Pen for Sketching

Discuss all topics related to sketching

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Harry
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Pen for Sketching

Post by Harry » Mon Mar 04, 2019 11:34 pm

I have drawn a lot in ink; cartoons, which I draw first in pencil then ink with a fine brush.

I would like to try my hand at drawing with a pen. I have a couple of fountain pens but these don't give much variety of line.

What pen do you recommend? I would prefer to use a refillable pen rather than a dip pen as I want to use this outdoors also. Ideally I want something I can carry in my pocket so I am always ready to sketch.

I would like to have one pen that does it all. Does such a thing exist?

Whilst I am on this topic; is cartridge paper okay for pen and ink? Years ago I tried and I seem to remember the paper getting caught in the nib. But nibs and paper may have improved since then. I am a dinosaur.

Finally, can a fountain pen be used successfully for drawing?

Thanks again to all the terrific responses I have received on my previous posts. It is really great to find such a willingness to share what you have learned - and possibly paid money to learn.
Thank you

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Rebecca
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Re: Pen for Sketching

Post by Rebecca » Tue Mar 05, 2019 4:02 am

Hi Harry,
If I had to toss all but one of my pens, I would keep a particular vintage Sheaffer. Its broad gold nib does a fantastic job with line variety. I wrote about it here in the forum:
viewtopic.php?f=1&t=1819&start=30#p14823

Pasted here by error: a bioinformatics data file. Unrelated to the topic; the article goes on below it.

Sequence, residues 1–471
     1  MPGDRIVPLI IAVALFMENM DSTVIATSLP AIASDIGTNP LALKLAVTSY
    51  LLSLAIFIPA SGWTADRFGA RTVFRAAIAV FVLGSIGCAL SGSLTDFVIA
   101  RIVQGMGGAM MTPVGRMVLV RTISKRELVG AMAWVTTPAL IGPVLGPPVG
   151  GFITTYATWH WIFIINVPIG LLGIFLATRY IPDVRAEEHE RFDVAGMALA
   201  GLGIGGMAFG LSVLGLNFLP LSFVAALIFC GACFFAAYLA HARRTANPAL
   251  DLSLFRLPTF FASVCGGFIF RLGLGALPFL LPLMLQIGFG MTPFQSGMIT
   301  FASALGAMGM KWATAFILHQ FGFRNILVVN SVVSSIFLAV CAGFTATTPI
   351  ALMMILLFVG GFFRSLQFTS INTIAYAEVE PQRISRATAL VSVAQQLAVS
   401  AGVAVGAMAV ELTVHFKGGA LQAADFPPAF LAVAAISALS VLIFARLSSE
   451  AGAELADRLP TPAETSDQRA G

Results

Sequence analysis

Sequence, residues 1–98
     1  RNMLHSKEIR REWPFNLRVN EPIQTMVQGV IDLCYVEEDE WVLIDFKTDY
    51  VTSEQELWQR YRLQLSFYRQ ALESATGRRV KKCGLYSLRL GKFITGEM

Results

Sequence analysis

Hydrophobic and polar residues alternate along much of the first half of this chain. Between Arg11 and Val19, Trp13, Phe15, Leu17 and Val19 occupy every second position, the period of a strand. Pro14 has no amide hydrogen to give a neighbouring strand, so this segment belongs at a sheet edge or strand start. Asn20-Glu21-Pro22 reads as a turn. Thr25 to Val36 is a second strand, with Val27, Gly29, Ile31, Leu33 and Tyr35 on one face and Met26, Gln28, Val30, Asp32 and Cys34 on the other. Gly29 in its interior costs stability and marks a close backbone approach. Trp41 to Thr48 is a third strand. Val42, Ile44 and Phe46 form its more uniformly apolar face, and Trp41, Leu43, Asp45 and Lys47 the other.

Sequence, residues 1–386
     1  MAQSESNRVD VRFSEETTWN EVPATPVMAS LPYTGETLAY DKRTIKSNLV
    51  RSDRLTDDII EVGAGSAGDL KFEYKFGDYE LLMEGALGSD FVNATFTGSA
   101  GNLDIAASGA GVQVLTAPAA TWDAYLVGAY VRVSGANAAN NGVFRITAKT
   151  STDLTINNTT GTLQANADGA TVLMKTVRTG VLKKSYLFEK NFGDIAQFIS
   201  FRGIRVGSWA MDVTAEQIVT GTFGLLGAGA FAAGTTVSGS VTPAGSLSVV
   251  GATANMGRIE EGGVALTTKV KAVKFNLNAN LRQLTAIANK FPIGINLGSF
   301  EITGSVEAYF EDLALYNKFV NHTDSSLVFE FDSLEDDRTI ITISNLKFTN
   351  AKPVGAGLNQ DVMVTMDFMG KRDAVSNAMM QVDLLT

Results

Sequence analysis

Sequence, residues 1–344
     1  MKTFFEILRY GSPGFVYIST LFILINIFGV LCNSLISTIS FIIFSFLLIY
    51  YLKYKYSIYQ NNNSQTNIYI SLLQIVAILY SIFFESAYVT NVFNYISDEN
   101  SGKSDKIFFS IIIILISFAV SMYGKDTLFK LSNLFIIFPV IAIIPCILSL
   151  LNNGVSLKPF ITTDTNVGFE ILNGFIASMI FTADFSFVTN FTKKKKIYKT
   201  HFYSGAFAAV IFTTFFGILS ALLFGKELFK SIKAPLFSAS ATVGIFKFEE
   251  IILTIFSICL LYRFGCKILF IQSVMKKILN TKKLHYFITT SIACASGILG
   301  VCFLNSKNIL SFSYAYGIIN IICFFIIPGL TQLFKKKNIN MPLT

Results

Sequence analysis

There's a video demo there... Unfortunately, this new forum cannot play movies as the previous one did. (Matthew, can you add movie formats to our new forum?)

The fine lines are made by drawing with the back side of the nib. The brush stroke lines are made by tipping and pressing the nib to change contact areas and spread of tines. The gold is soft enough to allow some spread of the tines.

I posted in the last page of that discussion this sketch which demonstrates the line range:
Image

It can make strokes from brush-like to ultra fine, and glides beautifully on paper. It's solid and reliable. I would never worry about it leaking during ordinary transport.

I wish I could say any of my other flex pens could be the ideal all purpose pen. Flex pens are so much fun! They give excellent variety. Each has its own personality. Yet, the right broad gold nib does such a good job, I have to vote for that vintage Sheaffer.

If you decide to look at vintage Sheaffers, I recommend testing them out to be sure you are getting the right nib grind for sketching.

If you decide to get an antique flex pen, which are the better flex fountain pens, each is unique. There is no one year or make that is assured to give the qualities you seek. Instead, it's the individual nib that will happen to win your favor. There's no way to know until you try each out.
Rebecca

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Andre Jute
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Re: Pen for Sketching

Post by Andre Jute » Wed Mar 06, 2019 12:14 am

All the same, I wouldn't run around buying up old Sheaffers with the inlaid nib in the hope that one would be flexible. I remember as a student having a PFM III with a nib so stiff I played darts with it. Here's a PFM III (that's Sheaffer's Pen For Men III, they all had the same handmade and tuned nibs, the numbers are just levels of trim) that I've written with since I was a schoolboy that, surprisingly, has a 1:2 ratio of line width by putting no weight on it to start and then pressing quite hard. Since it starts at what today will probably be classed as extra-fine, the flex line isn't exactly broad but it is pleasingly darker than the zero-press line. However the Skrip ink I have in the pen is negligibly lightfast, and I have no intention of putting carbon ink in a precious vintage pen that has served me so long.